This walk marked a major milestone in the life of the walking group, as this was the first time we had managed to lose the expedition leader.
The most familiar route from Lane Ends to Charlesworth would be along the A626 (Glossop Road), so of course we headed off behind Ley Lane, striking the fringes of Mill Brow just above the old chapel. Thence we went cross-country to Cloughend and across Ludworth Moor to Gunn Farm. We turned-off Gunn Lane at Pistol Farm and walked up to Far Slack, from where we dropped down onto the lower path below Coombes Rocks. We took a left turn to drop down further through the jaws of the corrie, then up onto the flank for a walk across to Charlesworth Independent Chapel. It was when we dropped down into the village of interesting buildings and narrow pavements that we lost Roger. We strode out in single file and didn’t hear Roger’s cries directing us to the hidden footpath down to the main road. (We did, however, meet him again on the bus.)
It was a humid, overcast and hazy day, but a good summer walk in varied countryside. Heath Bedstraw dappled the heather with white flowers. Lapwings swooped and curlews burbled over the moorland. Over the ponds and wetter ground, swallows and swifts scythed through the air. Stonechats called in the scrub whilst blackbirds, thrushes and nuthatches sang in the woodland. On the approach to the Independent Chapel, we were greeted by half a dozen wrens darting in and out of a dry stone wall. (Wrens must have their own collective noun. Probably a squadron.)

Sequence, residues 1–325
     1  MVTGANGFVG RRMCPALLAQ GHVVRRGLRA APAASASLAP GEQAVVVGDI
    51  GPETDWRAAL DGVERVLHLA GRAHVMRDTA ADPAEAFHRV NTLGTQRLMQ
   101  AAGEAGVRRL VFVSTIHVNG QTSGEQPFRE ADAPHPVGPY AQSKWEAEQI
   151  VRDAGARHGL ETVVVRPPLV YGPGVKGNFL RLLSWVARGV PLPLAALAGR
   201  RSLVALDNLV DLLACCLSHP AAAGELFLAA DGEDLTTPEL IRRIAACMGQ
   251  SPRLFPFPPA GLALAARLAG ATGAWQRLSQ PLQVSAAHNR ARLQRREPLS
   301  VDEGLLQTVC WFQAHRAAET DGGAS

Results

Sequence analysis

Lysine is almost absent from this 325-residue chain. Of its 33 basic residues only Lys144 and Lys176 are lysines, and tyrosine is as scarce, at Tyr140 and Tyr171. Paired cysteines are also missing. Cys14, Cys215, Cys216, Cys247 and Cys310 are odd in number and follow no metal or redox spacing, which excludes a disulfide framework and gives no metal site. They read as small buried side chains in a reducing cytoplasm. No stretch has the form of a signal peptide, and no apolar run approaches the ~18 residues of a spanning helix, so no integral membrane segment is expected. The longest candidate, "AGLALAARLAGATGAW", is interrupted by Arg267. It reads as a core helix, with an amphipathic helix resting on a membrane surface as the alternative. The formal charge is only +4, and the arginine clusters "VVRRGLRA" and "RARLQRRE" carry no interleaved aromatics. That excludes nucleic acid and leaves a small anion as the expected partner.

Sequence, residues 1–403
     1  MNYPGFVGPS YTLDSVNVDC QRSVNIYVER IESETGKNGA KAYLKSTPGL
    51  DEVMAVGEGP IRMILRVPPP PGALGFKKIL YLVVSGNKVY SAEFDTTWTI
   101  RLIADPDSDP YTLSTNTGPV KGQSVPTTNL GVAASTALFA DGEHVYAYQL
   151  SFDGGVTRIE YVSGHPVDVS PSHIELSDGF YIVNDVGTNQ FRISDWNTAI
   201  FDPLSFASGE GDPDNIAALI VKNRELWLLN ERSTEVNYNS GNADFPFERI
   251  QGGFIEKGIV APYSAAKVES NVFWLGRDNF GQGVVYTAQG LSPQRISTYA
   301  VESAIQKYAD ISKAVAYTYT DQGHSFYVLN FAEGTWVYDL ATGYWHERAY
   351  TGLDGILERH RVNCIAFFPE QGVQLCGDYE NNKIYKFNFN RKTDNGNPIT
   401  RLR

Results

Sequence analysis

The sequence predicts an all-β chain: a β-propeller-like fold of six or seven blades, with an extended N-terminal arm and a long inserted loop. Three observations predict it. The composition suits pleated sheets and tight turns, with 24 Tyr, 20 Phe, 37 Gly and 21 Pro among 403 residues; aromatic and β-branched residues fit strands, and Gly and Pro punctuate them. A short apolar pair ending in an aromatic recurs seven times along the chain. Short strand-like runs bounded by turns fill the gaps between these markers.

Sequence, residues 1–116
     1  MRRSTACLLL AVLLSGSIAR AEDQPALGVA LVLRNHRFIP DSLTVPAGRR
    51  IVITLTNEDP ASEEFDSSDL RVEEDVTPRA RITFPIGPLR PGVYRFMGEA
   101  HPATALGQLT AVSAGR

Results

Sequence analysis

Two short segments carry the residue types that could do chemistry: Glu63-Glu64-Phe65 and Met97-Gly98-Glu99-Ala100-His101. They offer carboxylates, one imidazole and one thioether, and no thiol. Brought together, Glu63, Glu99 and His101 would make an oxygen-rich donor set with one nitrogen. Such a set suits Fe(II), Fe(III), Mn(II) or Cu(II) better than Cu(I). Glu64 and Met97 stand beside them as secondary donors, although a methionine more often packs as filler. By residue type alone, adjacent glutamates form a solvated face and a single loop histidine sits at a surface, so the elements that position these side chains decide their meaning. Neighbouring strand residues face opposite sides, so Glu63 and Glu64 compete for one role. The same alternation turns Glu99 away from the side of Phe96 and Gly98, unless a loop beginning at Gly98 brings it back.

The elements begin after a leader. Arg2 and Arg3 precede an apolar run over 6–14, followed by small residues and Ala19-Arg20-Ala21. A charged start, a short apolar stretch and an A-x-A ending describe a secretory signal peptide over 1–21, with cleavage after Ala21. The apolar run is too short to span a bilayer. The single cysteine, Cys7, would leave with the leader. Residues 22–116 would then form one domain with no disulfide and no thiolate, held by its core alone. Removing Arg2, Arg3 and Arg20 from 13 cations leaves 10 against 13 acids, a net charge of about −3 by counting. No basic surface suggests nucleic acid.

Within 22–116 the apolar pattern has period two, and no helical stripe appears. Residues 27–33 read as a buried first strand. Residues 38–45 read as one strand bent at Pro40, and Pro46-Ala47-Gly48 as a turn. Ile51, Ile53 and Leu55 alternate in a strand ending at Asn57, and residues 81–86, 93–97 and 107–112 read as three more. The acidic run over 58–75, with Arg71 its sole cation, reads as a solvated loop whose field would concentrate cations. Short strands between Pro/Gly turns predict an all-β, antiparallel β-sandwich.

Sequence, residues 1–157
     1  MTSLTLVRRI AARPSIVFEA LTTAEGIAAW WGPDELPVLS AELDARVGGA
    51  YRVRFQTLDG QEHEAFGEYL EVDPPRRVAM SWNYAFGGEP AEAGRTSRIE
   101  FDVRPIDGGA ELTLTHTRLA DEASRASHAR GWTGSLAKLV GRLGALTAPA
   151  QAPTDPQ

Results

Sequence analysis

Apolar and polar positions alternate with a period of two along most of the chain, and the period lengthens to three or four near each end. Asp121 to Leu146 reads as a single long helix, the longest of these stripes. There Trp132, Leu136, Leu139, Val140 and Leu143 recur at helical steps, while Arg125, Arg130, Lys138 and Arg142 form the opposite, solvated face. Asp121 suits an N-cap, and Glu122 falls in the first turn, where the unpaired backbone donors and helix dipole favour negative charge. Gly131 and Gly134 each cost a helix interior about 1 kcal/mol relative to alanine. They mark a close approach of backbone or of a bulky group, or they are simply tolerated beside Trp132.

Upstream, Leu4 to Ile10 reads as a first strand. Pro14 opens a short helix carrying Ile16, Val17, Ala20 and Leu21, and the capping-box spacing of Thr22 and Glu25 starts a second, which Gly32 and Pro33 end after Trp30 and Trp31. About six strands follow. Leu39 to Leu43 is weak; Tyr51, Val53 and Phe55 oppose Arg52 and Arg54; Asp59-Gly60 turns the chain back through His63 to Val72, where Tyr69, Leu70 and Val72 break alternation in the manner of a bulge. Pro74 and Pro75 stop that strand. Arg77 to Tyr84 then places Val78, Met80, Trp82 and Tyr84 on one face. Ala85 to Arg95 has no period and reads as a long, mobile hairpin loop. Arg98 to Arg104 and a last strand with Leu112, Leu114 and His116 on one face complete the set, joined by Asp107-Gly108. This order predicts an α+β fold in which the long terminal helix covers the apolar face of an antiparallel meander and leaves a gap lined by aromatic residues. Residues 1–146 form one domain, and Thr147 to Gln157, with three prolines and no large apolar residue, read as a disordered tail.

Mill Brow inshore rescue ready for deployment.
Pictures of Lily (made my life complete).
The property of the day benefits from meadows, landscape gardens and a lake.
(Buildings would benefit from modernisation.)
Some paths were narrower than others.
Roger and John negotiating the fiendish double stile. (This was not the worst stile; that accolade goes to the one with the barbed wire that shredded my trousers.)
The next obstacle was a minor moorland canyon.
We were a bit distant to work out what the figure at the back of the Near Slack stone circle was doing, but blowing-up the picture it was clear that the local druid was mowing it with a scythe.
Sheep with supercilious eyebrows.
Roger contemplates the last train to Charlesworth.
The shearing’s not for ewe (my bonnie lassie o).
Enchanter’s Nightshade (detail)
identified by Mr Barton, the expedition botanist.
The last time we had walked up the arm of Coombes Rocks, we had been able to see all the way to Liverpool. On this occasion, we couldn’t even see Manchester.
By this point, we had lost Roger, so John found someone else to talk to.